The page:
Defined zones where air-quality-related restrictions

I have, on occasion, been accused of being cynical. Sometimes I have felt this to be unduly harsh criticism, but other times it is a badge I wear with honour - so long as we are talking about 'cynical' defined as 'being suspicious of others' true motives'.

I come to this column by way of reading the latest proposals for the possible creation by local authorities of defined zones where air-quality-related restrictions will be applied to certain categories of motor vehicle. I recognise that DZWAQRR is not an attractive acronym, but I can't simply refer to 'clean air zones' anymore, because Clean Air Zones (CAZs) are now only one part of a complex and confusing picture. There are also Low Emission Zones. And London's Ultra-Low Emissions Zone. And Air Quality Management Areas. The list goes on. It's not just the rules and terminology that are vague and varied. The locations and boundaries are also prone to change – Mayor Sadiq Khan has recently decided to extend his ULEZ to cover a far greater proportion of London than was envisaged by his predecessor.

I am not for one moment contesting the pressing need to do something to tackle our air quality problems. I have long observed that there is no point whatsoever in being able to drive to where we need to be if it isn't safe to breathe when we get there.

But couldn't we reasonably expect a bit more of a joined-up approach between our public authorities, so that as road users we know where we stand?

This isn't just a plea on behalf of individual motorists. I've heard cries of anguish coming from many quarters: fleet managers, delivery companies, refuse collectors and bus operators – the same bus operators who were being told they were a big part of the solution to our urban transport and environmental challenges not so long ago.

Speaking of those who believed they were doing the right thing, perhaps we could spare a thought for the owners of diesel cars who had reason to understand their green credentials were solid before the demonisation began.

I'm a bit less sympathetic toward the auto companies who knew their vehicles' on-road performance was markedly different to the lab test results they achieved, still less to those who have been found to have deliberately cheated the lab tests (though as we read the story that the new vehicle registration statistics are telling us, we should be concerned about the future of thousands of people employed in the auto sector).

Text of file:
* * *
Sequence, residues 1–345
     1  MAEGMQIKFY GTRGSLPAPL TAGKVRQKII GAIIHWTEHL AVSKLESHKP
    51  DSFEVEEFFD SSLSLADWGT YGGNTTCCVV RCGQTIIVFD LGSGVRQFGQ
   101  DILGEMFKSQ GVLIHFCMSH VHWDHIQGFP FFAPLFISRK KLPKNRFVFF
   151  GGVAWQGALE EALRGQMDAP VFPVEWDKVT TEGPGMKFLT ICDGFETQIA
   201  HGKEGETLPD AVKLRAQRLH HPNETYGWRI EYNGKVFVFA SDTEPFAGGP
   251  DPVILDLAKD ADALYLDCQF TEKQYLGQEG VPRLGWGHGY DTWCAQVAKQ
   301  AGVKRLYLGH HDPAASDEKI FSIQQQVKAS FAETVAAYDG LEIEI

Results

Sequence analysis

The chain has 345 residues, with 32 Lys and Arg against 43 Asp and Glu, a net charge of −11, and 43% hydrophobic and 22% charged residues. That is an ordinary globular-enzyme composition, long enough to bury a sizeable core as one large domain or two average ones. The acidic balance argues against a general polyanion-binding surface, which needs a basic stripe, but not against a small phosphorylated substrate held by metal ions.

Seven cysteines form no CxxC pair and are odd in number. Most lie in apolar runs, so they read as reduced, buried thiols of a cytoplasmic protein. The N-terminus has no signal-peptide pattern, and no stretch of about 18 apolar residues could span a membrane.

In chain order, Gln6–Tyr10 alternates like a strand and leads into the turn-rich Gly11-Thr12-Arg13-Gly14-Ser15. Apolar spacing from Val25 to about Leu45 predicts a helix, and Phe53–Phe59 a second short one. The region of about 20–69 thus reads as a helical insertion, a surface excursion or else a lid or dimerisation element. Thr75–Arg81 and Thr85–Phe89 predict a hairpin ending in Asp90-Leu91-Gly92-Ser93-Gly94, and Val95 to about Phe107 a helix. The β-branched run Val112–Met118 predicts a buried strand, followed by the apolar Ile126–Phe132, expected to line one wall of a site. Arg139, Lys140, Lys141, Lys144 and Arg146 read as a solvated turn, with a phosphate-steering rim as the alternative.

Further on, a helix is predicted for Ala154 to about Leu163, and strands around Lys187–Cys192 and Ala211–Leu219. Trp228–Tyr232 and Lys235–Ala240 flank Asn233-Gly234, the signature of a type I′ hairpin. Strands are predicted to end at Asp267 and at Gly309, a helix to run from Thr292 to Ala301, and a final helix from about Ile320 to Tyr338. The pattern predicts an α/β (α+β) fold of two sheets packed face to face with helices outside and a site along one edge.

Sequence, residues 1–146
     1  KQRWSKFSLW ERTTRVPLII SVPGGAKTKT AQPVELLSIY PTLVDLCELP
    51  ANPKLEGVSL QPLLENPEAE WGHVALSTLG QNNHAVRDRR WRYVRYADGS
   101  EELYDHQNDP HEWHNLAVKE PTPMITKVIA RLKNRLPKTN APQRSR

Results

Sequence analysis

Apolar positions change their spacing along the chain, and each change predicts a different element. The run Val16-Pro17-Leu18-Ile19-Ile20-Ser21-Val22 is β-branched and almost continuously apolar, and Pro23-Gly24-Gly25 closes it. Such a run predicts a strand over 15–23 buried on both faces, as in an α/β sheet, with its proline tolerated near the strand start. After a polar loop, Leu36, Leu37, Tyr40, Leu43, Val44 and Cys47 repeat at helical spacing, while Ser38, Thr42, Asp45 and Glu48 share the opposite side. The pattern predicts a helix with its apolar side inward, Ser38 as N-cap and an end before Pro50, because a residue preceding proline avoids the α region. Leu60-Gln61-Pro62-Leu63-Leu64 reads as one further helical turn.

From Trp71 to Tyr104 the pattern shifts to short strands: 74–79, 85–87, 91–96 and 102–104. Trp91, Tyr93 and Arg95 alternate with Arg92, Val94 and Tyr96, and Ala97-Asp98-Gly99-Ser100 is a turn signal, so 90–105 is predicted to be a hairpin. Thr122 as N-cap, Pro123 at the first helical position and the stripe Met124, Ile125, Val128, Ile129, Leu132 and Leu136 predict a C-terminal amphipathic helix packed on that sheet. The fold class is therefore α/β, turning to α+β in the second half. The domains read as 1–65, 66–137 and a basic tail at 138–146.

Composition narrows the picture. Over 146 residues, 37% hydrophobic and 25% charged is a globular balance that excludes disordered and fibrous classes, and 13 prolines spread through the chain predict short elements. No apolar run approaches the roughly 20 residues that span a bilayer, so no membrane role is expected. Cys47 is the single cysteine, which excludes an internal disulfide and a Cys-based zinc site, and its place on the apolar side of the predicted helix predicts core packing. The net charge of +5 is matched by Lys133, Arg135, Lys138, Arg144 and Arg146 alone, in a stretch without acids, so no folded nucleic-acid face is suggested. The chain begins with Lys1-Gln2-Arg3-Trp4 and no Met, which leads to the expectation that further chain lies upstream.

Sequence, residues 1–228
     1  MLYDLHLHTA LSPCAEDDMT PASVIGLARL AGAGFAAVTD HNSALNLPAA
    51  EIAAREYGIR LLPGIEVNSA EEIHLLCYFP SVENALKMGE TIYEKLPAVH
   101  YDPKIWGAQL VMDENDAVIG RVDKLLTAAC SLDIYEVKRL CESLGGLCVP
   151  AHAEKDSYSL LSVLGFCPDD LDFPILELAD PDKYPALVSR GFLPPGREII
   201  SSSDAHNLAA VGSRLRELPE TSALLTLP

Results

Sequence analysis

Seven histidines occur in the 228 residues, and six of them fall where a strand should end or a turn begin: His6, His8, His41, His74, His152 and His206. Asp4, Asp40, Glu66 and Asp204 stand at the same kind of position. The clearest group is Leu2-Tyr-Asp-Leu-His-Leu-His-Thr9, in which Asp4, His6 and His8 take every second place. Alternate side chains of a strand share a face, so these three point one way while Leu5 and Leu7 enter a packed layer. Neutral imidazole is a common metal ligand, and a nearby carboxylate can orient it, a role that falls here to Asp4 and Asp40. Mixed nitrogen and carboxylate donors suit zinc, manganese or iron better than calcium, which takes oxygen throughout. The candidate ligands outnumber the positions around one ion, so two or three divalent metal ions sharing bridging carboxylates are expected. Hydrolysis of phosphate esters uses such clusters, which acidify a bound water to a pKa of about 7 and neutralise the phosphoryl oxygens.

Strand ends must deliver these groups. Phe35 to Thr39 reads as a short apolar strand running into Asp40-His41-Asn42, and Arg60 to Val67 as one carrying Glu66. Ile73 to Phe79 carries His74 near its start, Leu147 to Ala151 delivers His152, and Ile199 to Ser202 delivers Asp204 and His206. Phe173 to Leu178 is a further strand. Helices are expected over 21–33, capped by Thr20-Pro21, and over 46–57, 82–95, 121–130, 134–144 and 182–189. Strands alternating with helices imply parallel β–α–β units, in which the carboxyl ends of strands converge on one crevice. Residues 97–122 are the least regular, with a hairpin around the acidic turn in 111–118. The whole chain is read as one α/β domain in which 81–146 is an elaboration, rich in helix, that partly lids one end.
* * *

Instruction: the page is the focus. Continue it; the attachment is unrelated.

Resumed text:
We all called for a better vehicle testing regime, one we could trust, but no sooner did it arrive than the stories began to appear about those unsettling disparities between the test results and what went on in the real-world environment.

Let's be clear, devising a standard test that is reliable and repeatable across continents is difficult – very difficult. Different drivers achieve different mpg results because of their different driving styles. Even the same driver might return fluctuating results depending on the traffic conditions they encounter. Maybe CEN - the European Committee for Standardization, which develops a variety of cross-border standards for industries selling into a global market – can help us out through the expert Workshop process initiated and chaired by Emissions Analytics (which produces the EQUA Index ratings system) that aims to recognise a standardised method for collecting comparable vehicle data, which can then generate accurate consumer information about real, on-road emissions

Meantime the cynic in me wonders whether, in some circles, the potential patchwork of restrictions, charges, taxes and standards is seen as a good thing, because it might persuade us: out of our cars altogether; to dust down the bicycle that many of us have had for years gathering dust at the back of the shed; to buy a railway season ticket; to walk to the local shop rather than drive to the supermarket. Even where consumers insist on buying a new car it might be that they choose much cleaner technologies that deliver zero tailpipe emissions.

Why work to create clarity when confusion might do the job for you?

OK, chances are this is not a conscious strategy. While a true cynic sees elaborate plots everywhere the rest of us observe a world shaped by a mix of coincidences and cock-ups.

But the more general, darker, result of all this uncertainty is inertia: more of us are hanging on to our older vehicles for longer while we await a clearer picture of the risk that we'll end up with something that is going to attract a chunky charge for entering the town where we routinely do our shopping, or, worse, be banned altogether.

Alternatively we might trade into petrol, which is worse for CO2, just at the point when the auto manufacturers are producing some truly impressive new diesel models – Mercedes, Vauxhall, Honda, Volvo, Audi and Citroën have all brought models to market that have achieved results well within the tighter statutory limits even on the EQUA Index.

When the road ahead is foggy the advice to motorists is to proceed with caution. But if swift action is needed then what we desperately need is for the fog to be cleared so that we can all see the way forward – manufacturers and consumers alike.

The sooner that happens the better for us all...